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1971 was growing dark and cold again. The new WBCN antenna on its mast at the Prudential Center was whipped by storms so violently that the aircraft-warning lights went out. I stood on the roof of the Pru, bracing myself against the wind in a sheltered corner, watching the mast sway back and forth. Guy wires would have to be installed to stabilize the tower. Don Prescott, a rigger buddy of Arnie Woo-Woo Ginsburg’s, came down the next day from Maine to do some previously scheduled work, and I told Arnie I would ask Don to change the bulbs in the tower.
After Don left I couldn’t remember whether I has asked him to change the bulbs. Oh my God, I thought, what will Woo-Woo do if he finds out the bulbs weren’t changed? What if a plane crashes into the Pru? I worked myself into an agony of fearful expectation. Night was coming. I went down to ground level to watch the tower to see if the lights would come on. Nothing happened. Now I was demented. I rushed up through elevators, concrete corridors and up steel staircases and hatchways back to the roof of the Pru and, with a spare, huge bulb lashed with hookup wire to my belt loops, prepared to climb the tower myself in the gathering darkness. Just as I put one foot in the rung at the bottom of the tower the flashing red beacons came on.
Two weeks later I stood on the Pru watching Don and his assistant do the guy wire work. It was a clear, cold mid-December morning, calm for once, and the work was soon done. I was feeling a little woozy, and was glad to get down into the warm transmitter room. As long as I was there, I took the clipboard with the logs, read the transmitter meters, and filled in the entries. Since I had been entertaining girlfriends at 122 Mt. Auburn St. and hanging out at the Plough I had not made it in to the transmitter for a few days, so I back-filled some entries, fabricating values for plate current, plate voltage and output power.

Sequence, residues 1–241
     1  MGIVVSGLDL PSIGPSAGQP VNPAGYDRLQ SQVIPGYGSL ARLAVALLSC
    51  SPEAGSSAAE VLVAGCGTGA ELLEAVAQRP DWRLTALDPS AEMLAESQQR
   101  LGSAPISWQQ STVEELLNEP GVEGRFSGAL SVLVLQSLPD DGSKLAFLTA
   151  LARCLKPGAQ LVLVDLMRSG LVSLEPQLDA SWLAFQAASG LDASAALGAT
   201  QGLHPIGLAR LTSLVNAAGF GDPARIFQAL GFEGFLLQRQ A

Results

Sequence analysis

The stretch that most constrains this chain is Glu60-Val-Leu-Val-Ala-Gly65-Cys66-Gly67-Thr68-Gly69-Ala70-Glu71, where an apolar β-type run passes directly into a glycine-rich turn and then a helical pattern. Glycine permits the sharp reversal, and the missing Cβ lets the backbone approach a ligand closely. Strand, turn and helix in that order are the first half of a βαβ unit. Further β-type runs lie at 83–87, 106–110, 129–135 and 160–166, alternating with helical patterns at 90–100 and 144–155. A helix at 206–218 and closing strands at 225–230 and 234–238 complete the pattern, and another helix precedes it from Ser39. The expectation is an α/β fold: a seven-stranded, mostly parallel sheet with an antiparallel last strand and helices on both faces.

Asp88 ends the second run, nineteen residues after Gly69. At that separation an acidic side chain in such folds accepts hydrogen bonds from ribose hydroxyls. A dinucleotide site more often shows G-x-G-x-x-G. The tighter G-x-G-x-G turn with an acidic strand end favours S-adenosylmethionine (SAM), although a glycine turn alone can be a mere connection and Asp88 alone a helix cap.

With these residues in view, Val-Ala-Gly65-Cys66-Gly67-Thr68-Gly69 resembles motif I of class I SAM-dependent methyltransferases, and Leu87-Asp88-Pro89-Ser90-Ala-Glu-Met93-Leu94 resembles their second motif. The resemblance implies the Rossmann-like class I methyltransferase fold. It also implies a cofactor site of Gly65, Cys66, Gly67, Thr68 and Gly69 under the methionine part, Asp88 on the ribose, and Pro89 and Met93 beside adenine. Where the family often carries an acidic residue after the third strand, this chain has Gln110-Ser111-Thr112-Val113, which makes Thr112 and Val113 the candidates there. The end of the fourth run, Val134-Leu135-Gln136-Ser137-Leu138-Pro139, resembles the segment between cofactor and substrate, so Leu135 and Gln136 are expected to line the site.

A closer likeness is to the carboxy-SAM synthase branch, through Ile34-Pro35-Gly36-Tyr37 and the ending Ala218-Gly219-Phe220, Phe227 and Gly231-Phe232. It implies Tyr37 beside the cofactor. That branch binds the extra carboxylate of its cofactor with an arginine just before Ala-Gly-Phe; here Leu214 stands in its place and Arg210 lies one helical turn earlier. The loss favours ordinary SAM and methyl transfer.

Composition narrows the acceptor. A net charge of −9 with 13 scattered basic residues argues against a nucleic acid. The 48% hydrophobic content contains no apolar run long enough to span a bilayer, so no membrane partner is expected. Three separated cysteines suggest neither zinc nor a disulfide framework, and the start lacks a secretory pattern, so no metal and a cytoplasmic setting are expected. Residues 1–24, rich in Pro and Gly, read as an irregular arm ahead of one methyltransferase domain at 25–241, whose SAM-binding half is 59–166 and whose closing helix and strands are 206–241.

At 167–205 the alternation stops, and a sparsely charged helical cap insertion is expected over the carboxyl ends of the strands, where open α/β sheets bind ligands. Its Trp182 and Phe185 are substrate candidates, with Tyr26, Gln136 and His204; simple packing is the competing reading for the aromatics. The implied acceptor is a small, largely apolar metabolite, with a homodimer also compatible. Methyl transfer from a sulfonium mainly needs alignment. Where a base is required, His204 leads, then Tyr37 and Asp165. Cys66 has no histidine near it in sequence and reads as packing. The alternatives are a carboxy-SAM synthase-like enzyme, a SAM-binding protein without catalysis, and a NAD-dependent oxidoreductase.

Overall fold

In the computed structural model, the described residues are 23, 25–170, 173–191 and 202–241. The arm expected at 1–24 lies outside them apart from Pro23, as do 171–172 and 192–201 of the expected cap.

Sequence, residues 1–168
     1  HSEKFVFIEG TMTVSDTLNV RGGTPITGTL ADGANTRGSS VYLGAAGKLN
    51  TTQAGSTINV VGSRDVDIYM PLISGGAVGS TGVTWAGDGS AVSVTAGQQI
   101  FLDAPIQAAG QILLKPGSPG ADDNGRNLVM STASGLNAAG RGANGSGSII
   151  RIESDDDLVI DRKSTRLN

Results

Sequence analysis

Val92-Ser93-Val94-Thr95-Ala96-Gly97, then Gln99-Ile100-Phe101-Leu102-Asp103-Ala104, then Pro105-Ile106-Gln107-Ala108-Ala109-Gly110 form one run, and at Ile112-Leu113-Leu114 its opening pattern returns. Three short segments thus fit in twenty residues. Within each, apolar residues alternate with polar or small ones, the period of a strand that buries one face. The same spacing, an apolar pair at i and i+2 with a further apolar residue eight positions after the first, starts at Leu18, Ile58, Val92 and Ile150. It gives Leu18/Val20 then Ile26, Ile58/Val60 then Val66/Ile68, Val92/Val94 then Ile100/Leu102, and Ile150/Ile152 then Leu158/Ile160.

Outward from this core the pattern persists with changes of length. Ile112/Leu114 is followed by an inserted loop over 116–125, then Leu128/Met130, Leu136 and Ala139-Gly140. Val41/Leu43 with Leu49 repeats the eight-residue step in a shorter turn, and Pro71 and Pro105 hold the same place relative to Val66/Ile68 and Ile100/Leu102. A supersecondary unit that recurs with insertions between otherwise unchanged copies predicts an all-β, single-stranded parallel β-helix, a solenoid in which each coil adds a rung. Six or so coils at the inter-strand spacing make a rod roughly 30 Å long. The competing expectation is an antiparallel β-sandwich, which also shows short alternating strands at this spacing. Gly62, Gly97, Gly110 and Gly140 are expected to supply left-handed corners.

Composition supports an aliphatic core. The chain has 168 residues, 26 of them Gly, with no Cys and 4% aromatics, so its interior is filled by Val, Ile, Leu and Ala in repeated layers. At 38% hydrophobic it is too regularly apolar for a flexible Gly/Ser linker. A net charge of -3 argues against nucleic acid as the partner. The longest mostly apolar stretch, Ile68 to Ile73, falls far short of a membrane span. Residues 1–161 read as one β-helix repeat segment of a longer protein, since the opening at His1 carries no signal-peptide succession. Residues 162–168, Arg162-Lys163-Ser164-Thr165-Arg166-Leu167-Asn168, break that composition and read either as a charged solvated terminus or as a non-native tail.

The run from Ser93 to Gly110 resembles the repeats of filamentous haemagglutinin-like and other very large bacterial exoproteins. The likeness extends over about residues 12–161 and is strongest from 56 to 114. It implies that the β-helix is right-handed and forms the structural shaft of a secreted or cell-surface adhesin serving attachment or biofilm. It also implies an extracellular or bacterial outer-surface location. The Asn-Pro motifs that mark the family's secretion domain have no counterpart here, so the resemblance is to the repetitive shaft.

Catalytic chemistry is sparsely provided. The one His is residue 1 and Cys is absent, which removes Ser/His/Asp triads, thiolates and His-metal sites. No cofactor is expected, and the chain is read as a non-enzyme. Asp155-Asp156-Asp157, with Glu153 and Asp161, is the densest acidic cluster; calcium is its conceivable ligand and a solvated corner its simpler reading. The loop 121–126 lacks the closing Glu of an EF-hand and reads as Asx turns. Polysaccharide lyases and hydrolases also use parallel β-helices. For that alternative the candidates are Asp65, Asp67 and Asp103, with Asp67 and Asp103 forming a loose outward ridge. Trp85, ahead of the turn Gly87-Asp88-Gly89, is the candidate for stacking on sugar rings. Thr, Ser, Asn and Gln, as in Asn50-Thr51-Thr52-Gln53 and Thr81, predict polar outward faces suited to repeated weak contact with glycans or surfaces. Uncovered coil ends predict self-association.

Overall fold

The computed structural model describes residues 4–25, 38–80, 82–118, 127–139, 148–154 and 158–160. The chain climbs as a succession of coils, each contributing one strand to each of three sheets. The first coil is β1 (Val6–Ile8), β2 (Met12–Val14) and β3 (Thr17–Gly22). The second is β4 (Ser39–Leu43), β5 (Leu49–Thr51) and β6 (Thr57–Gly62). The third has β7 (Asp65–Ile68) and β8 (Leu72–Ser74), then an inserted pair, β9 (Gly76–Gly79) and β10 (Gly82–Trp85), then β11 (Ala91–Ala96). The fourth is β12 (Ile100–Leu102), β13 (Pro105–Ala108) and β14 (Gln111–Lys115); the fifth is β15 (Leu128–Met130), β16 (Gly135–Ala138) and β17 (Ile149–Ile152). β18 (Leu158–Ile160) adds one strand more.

The night before had been tough. About 6:00 P. M, a female record-turkey had come in to the WBCN studios to do her Christmas rounds. I do not remember what label she represented, but I will not forget her pheromone-charged aura. Her long hair and her dress draped around her supple, womanly, slender form as she went from DJ to DJ and to me, handing out hand crafted wooden-capped cylinders, each wrapped with a ribbon and stuffed with an ounce and a half of Panama Red. “Merry Christmas, Bill,” she said softly to me, pressing the tube into my hands and herself for a second against my body, “We know your work. We appreciate your work.” I did not see her again, but, that night, after a few hours at the Plough, one of my girl friends had shown up at 122 Mt. Auburn St. and I had been up most of the night. So I was a little bit shaky this December morning as I hurried down Stuart Street through the interminable frigid winds around the Prudential and the gaping, skeletal John Hancock tower.
I had not been in the WBCN studio long enough to take off my jacket when Arnie Woo-Woo Ginsburg asked me to come in to the office. T. Mitch was sitting there. Arnie came right to the point. “Bill, did you take the transmitter readings on Monday and Tuesday?” “Yes,” I lied. “Then what about this,” said Arnie, as he took a sheet out of a folder and showed it to me. It was a transmitter log, filled in with the correct values for Monday and Tuesday and signed by Arnie. “I’m going to have to let you go, Bill,” Arnie said. T. Mitch smiled silently.
It was not quite over. Woo-Woo was fired himself within days by the smiling T. Mitch, probably as a result of an argument over T. Mitch’s plan to move the WBCN studios, as well as the transmitter, to the Prudential; a plan that Arnie thought extravagant and unnecessary. Al Perry was appointed Station Manager and asked me to continue working, as Brian Edgerton, my successor, didn’t seem to be ready to take over all the technician work. So I continued to report for studio work until, in February, 1972, a year and three weeks after I first arrived at WBCN, T. Mitch noticed that I was still there. Al appeared in the shop. “I can’t protect you against this stuff,” Al said, “just leave now.”
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